December 2012 Lessons from Kings Cross

01 June 2013

Relatives of the 31 people who died in the Kings Cross fire met at the Underground station on 18 November to mark that day in 1987 when fire engulfed the building.


After Kings Cross, rules were enforced about smoking, wooden escalators were replaced, station staff training was improved, underground communications were reassessed and a new set of safety regulations for sub-surface stations was introduced.


I like to think these measures were some small consolation to the families of the dead; that changes that made the Underground safer for others could compensate a little for their losses.


But it irritated me to hear London Underground’s Chief Operating Officer complaining that the unions, and specifically the RMT, were ‘all wrong’ to ‘politicise’ the event by calling for the withdrawal of plans to cut staffing levels and extend maintenance schedules.


To my mind it was perfectly reasonable. Was it cynical of me to write at this time to the Mayor of London asking him to halt proposed public spending cuts of nearly £65 million which could mean the closure of 30 London fire stations? I think it was entirely appropriate.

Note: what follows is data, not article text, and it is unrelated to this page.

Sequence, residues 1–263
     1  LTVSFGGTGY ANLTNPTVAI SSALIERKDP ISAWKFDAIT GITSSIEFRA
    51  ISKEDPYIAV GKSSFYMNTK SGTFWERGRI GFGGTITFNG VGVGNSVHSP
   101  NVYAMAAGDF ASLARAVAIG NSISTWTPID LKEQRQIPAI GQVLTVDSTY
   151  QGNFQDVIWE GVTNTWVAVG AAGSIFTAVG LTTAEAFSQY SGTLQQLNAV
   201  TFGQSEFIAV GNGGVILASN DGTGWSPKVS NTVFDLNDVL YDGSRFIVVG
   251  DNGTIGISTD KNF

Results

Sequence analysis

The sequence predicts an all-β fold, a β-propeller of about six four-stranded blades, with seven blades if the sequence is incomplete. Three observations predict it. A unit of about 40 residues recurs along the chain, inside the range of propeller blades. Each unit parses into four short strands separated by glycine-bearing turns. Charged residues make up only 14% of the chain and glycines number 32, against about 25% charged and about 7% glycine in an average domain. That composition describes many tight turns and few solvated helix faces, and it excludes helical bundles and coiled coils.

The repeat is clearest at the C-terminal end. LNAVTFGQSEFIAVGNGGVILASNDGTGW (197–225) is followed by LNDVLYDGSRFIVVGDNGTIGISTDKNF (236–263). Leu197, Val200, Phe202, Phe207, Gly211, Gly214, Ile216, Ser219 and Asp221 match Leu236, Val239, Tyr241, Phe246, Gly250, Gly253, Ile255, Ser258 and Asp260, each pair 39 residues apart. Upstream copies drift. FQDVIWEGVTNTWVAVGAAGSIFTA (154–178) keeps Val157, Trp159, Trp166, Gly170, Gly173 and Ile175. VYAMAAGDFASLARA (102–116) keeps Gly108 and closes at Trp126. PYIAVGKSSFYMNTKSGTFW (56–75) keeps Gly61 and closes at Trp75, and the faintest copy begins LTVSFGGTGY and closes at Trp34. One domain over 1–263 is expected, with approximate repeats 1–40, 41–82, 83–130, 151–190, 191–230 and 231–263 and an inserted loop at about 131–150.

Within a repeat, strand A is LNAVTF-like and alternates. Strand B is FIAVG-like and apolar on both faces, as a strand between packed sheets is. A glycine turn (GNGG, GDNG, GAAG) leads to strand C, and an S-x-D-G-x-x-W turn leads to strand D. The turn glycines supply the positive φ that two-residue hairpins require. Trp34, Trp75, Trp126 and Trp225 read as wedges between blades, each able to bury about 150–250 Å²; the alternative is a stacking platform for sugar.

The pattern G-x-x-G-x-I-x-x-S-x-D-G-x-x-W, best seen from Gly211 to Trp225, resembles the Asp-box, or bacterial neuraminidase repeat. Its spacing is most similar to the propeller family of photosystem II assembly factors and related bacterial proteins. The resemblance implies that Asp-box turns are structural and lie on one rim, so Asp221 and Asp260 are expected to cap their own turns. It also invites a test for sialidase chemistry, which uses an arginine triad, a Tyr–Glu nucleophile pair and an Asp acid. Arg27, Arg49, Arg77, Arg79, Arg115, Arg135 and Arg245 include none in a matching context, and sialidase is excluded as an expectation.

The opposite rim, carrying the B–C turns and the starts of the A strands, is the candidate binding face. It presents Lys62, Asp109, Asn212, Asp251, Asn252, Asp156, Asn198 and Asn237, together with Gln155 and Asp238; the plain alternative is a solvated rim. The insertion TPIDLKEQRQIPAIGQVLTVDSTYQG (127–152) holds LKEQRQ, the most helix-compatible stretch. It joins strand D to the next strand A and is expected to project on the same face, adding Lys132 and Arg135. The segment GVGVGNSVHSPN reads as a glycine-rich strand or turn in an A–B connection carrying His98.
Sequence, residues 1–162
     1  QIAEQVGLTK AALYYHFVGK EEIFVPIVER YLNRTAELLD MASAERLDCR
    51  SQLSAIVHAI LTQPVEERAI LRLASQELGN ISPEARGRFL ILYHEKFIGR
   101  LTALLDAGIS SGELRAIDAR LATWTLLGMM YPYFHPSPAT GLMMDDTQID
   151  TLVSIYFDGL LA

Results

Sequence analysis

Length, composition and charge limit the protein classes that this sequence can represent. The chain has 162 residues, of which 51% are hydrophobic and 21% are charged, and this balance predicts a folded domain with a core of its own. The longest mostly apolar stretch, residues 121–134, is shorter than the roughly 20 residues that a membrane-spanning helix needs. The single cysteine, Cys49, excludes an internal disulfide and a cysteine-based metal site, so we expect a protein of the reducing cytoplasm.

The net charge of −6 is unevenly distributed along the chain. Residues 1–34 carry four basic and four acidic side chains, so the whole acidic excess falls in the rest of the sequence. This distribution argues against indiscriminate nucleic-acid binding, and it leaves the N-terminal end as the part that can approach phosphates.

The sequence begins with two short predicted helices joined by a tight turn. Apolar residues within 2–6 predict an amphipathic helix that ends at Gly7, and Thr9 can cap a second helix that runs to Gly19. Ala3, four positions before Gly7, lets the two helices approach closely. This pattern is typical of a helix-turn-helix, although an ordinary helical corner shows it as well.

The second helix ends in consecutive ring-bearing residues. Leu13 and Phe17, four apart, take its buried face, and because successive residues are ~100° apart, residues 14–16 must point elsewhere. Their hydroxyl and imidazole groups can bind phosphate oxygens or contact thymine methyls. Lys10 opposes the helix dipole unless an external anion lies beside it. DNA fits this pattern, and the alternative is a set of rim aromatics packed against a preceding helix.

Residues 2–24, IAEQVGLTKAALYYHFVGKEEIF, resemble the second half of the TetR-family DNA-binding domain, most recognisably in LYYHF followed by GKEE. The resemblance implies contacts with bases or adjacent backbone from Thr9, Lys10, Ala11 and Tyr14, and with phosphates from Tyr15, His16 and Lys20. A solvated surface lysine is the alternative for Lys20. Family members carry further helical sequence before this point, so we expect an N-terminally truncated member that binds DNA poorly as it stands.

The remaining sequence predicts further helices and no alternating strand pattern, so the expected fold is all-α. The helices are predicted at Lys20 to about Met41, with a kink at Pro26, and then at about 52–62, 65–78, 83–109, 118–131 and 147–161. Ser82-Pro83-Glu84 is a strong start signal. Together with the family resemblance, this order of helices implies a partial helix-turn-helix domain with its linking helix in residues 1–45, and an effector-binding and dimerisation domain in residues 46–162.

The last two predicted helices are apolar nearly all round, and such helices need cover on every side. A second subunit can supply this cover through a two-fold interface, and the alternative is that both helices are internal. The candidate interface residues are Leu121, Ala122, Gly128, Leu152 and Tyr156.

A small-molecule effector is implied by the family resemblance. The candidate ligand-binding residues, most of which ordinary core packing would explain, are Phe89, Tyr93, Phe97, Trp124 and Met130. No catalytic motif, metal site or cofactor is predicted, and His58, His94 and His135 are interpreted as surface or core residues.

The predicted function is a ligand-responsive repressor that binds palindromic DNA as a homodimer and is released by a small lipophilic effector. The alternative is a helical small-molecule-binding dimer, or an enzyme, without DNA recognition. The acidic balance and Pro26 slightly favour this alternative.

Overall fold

Boris’ reply was non-committal, saying he hadn’t finalised the budget because of ‘uncertainty’ over the level of government funding.


I’ve raised the issue of the reduction of fire and ambulance services nationally on a regular basis, most recently at a meeting of union general secretaries and the rail regulator, the ORR. It is a real matter of concern to ASLEF that between them, the government and McNulty could leave us with no station staff, no fire-fighters, no ambulances and nowhere to take the injured anyway.


These issues are so serious and impact so directly on our members, I offer no apologies for raising them in any way and any place I can. It would be disrespectful to the Kings Cross dead for me to do otherwise.

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